Setting Up a Student Success Binder

The amount of visual supports some of our students need to be successful both academically and socially can be overwhelming. Just imagine, if it's overwhelming to us as teachers, it has to be way too much for our students who struggle with executive functioning skills, like organization, to handle! I've found that once we've introduced a student to a portable schedule I can add all kinds of things to their binder. No longer is their binder just a schedule, it's now a tool they can use throughout their school day to accomplish a variety of tasks and activities.

One tip I want to give you before you start assembling a success binder for students in your classroom is that I would start with one item in the binder and slowly grow the items a student can use. I don't think there's anything worse than stuffing 10 visual supports into a binder and handing it off to a student to use. We need to teach them to access the things they need when they need them throughout the day.

Want to get a success binder set up for your student? I want to share some of the important things that I often put inside a success binder and how I set them up for my students to succeed throughout the day.

1. Cover
I design a unique cover for each student's binder when introducing a success binder. I usually put some of their favorite characters on the cover so they can be immediately reinforced and excited when they first see their binder.

2. Visual Schedule
Usually if my student is able to use a success binder (and carry it around with the throughout the day) they're ready to move their visual schedule into their binder. I'll often start students with a "to do" and "done" schedule in their binder (you can check it out here).

3. Graphic Organizers for Behavior
My students often need behavior tools in their binder. I love using graphic organizers for behavior. Typically I'll laminate the 2-3 graphic organizer that work best for the student and add them to their binder. I toss a dry erase marker in a pouch at the front of their binder so we can access it at any time. These tools are great for my students to use when reflecting on behavior that has occurred or planning for an activity that is about to occur throughout the school day.

4. Social Scripts
I have been using a lot of social scripts this year. When my students are faced with a situation that is difficult, my team and I have been providing students with the words they can use to express their feelings. I will introduce social scripts one at a time for a student and make a version to add to their binder. They can then access this script when needed.

5. Break Cards
My students need breaks throughout the day. I'll make a page to house their break cards within the binder. That way students can flip to the page, pull a break card, and request a break without having to miss a beat. This is great for students we are limiting breaks for. I'll preload the binder with their allotted breaks for the day and they can exchange as needed throughout the day.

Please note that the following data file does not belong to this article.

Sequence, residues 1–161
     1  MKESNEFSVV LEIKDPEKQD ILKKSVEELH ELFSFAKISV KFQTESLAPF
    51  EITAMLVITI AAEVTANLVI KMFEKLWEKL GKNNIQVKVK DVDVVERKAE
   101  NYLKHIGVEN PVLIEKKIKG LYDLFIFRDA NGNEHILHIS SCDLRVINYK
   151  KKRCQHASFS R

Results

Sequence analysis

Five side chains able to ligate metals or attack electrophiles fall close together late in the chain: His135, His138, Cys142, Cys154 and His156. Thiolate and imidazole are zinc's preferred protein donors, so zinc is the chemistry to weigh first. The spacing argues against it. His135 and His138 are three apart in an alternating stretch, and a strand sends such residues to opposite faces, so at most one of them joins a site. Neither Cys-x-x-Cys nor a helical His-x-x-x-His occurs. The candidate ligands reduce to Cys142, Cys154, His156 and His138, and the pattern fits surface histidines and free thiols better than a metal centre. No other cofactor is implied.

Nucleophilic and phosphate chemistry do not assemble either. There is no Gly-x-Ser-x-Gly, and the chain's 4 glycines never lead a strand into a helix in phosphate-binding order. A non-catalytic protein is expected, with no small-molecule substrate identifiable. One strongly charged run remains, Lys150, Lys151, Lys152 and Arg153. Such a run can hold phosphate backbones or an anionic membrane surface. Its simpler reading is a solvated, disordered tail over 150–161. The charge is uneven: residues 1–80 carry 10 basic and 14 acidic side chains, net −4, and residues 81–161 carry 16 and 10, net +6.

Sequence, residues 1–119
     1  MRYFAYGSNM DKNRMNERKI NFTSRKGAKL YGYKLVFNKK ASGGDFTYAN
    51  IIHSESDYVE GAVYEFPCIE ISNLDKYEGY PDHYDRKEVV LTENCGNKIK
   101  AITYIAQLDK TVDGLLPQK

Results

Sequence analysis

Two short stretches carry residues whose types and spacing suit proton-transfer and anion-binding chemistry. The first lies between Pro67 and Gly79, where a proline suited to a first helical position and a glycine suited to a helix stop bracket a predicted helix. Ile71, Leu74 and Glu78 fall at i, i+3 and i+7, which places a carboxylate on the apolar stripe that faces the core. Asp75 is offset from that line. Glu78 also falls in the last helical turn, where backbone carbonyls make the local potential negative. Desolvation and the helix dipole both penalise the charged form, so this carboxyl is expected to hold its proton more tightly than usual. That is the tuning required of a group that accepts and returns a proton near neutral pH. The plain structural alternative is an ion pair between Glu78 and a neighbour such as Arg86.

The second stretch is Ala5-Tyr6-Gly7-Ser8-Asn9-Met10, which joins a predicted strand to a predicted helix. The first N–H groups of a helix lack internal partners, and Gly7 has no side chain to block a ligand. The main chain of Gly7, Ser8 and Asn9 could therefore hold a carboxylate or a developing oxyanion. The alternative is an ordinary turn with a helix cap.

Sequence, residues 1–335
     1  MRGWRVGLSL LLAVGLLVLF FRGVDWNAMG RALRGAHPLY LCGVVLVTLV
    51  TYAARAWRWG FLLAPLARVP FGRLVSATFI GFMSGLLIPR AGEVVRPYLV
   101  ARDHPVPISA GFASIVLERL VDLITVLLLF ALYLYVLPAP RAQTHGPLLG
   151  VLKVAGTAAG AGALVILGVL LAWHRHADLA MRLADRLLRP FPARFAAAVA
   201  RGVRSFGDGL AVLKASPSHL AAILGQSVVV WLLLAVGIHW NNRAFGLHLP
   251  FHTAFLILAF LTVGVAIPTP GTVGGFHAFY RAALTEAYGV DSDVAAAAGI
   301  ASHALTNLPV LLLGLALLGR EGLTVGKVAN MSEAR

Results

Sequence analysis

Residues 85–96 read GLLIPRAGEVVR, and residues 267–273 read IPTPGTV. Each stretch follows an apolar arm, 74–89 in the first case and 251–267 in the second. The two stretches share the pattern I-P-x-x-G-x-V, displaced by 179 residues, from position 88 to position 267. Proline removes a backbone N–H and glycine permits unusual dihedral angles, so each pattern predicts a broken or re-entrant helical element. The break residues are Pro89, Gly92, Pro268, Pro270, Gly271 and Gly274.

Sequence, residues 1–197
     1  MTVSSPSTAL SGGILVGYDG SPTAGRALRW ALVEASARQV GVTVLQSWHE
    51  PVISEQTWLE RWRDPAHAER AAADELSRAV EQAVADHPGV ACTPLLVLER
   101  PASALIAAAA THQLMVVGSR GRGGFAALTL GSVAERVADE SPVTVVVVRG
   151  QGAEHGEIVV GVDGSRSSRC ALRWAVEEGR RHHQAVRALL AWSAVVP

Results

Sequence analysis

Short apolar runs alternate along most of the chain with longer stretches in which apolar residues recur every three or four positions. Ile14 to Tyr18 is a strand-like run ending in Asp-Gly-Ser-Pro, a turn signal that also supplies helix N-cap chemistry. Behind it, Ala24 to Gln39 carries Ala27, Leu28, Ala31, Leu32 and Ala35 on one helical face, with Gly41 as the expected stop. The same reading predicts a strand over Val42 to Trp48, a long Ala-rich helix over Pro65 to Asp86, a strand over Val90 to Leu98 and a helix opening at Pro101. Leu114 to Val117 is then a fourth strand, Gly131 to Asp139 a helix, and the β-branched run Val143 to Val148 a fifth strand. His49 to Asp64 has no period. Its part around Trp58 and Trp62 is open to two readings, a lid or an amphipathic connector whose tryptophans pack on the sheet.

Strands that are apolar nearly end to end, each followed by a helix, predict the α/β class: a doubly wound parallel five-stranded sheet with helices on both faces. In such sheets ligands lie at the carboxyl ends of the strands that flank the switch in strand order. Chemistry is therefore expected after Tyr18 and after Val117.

6. Reinforcement Tools
I'll often drop a first then or a token board into my students success binder. This way it's accessible throughout the day and they can transition with the item at all times.

7. Subject Specific Communication Boards
Even for my students who are highly verbal, I find that they struggle with academic vocabulary or words related to a specific subject. In these instances, I'll leave a few subject specific communication boards in their binder.

8. Calendars
I will often use weekly calendars that I pull from my scheduling kit or I will print out a monthly calendar to start teaching students how to plan for activities that are coming up throughout the week or month. Have a special activity? Add it to the calendar so our students can better learn to adapt to change in their routine.

9. Behavior Supports
So many of our students have specific supports related to their behavior. I love using visuals for deep breathing or a check in for some of my students who become disregulated throughout the day. I'll prepare the specific behavior supports a student needs and add them to the binder so they're better able to access them at any time.

10. Sentence Frames
I love using sentence frames with my students. I'll often use them in their social scripts, but the ones I add in a different section in the binder are primarily related to academic skills they're working on in the classroom. I'll add in any frame that is appropriate for the student to participate in discussions or writing activities in the classroom.

BONUS ORGANIZATION TIP: I will often include a set of tabbed dividers in the students binder to separate their supports. This just helps them find exactly what they need when they need it. It won't add to additional frustrations as they search for the support they need at a specific time.

I just wanted to make sure I leave you with a reminder that each student's success binder should be different. It should include the tools the student needs to be successful in their classroom and throughout their school day. These 10 ideas are not the only things you can put in a students binder. If you're adding some really unique things to your student's binders drop me a comment and let me know! I love hearing how you're using ideas to meet the needs of your unique students.

Want to get stated putting together a success binder for your students? You can grab the editable cover and tabs page here.

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